To examine whether antihypertensive medication use can affect the occurrence and progression of dementia.
Subjects and Methods
In a community cohort of 1810 persons aged 75 years and older, 225 prevalent cases of dementia were detected. Among the 1301 persons without dementia, 224 incident cases of dementia were identified during an average period of 3 years. Among the 225 prevalent cases of dementia, 79 were suitable for the analysis of cognitive decline. Information on drug use was collected for the 2 weeks preceding the baseline interview.
Subjects taking antihypertensive medication (n=651, 83.9% of whom took diuretics) had a lower prevalence of dementia than those not taking antihypertensive medication (P<.001). Subjects without dementia who were taking antihypertensive medication at baseline (n=584) had a reduced incidence of dementia (adjusted relative risk, 0.7; 95% confidence interval, 0.6-1.0; P=.03). Furthermore, subjects taking diuretics (n=484) had an adjusted relative risk of 0.7 (95% confidence interval, 0.5-1.0; P=.02) for all dementia, and subjects taking diuretic monotherapy (n=345) had an adjusted relative risk of 0.6 (95% confidence interval, 0.4-0.9; P=.006). The use of other antihypertensive medication (calcium antagonists or β-blockers), however, was related to a reduced risk of Alzheimer disease (adjusted relative risk, 0.6; 95% confidence interval, 0.3-1.2) only in the subpopulation with a higher baseline blood pressure (n=458). Patients with dementia at baseline who were not taking diuretics had a 2-fold faster rate of decline in the score on the Mini-Mental State Examination than those taking diuretics.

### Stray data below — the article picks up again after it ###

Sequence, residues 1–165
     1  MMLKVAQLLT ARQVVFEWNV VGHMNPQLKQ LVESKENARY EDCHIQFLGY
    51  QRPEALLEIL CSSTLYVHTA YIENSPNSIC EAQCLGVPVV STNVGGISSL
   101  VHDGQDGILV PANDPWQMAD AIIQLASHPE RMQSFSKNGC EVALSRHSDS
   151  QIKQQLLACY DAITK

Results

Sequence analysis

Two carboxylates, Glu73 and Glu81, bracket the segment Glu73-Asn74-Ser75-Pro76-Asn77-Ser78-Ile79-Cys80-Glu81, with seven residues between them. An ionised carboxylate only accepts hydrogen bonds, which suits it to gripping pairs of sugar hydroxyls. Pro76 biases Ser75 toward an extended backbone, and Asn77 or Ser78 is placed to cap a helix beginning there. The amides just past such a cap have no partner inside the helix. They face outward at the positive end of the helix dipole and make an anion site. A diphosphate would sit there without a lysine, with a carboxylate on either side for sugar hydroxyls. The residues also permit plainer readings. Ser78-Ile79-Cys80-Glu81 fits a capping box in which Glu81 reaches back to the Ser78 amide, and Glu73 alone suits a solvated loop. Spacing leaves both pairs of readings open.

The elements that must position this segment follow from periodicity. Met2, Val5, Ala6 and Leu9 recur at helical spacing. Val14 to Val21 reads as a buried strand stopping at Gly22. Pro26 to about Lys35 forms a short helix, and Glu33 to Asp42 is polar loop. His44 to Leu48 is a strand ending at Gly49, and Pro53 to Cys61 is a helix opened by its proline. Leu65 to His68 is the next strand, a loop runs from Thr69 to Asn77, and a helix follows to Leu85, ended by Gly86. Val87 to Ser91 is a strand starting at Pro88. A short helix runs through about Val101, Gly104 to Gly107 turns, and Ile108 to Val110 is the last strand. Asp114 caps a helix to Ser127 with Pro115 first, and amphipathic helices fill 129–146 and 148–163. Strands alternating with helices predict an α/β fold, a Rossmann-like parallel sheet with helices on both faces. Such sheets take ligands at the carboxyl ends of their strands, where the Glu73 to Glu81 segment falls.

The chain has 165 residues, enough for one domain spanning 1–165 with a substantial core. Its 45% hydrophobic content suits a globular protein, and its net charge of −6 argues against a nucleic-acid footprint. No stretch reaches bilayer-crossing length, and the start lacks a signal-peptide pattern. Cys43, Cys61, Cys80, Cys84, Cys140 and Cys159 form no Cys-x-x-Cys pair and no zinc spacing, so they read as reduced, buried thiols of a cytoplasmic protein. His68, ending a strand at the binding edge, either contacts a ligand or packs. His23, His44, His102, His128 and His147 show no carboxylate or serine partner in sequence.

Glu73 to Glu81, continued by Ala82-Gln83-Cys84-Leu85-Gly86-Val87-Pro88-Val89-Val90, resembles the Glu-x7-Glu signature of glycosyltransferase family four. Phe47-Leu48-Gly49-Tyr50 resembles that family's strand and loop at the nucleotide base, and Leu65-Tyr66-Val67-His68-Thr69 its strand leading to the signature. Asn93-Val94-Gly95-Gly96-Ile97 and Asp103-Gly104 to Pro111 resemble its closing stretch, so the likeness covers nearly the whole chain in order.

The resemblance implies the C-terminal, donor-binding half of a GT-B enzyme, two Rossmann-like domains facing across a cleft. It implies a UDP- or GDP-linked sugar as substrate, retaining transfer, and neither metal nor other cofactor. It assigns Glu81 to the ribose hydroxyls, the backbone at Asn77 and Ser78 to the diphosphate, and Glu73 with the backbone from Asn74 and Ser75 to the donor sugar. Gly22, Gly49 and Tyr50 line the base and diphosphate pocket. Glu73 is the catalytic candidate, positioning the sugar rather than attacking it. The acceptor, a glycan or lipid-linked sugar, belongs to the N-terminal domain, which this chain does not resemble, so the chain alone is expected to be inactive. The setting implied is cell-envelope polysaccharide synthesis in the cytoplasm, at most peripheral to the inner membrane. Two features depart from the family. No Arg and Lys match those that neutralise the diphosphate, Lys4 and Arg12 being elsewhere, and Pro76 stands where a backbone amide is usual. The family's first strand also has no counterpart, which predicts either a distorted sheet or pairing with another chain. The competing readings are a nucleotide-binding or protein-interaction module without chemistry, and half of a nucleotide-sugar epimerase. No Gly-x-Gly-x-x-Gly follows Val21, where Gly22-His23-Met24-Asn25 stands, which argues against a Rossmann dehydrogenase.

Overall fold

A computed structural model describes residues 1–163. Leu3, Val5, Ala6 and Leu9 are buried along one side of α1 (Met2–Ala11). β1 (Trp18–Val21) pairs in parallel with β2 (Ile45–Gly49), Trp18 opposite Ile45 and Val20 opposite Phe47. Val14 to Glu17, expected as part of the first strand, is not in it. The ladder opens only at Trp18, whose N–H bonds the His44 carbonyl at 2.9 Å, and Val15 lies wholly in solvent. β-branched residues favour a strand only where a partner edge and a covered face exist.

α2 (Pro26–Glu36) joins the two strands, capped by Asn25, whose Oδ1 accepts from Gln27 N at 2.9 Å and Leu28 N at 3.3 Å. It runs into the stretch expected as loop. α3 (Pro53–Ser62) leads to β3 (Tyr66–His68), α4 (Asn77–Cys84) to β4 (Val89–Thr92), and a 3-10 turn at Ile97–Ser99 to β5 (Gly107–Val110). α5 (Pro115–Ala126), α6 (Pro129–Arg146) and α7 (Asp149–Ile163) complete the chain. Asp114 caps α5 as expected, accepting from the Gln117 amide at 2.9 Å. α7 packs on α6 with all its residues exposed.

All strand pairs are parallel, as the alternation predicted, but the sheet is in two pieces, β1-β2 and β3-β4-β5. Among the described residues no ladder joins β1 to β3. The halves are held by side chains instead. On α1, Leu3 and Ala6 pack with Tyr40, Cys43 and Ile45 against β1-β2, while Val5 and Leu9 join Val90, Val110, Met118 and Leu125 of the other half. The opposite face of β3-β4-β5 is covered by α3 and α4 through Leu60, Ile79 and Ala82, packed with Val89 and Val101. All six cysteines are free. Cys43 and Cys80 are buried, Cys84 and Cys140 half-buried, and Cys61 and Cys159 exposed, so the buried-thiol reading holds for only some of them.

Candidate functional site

The use of diuretics may protect against dementia in elderly persons.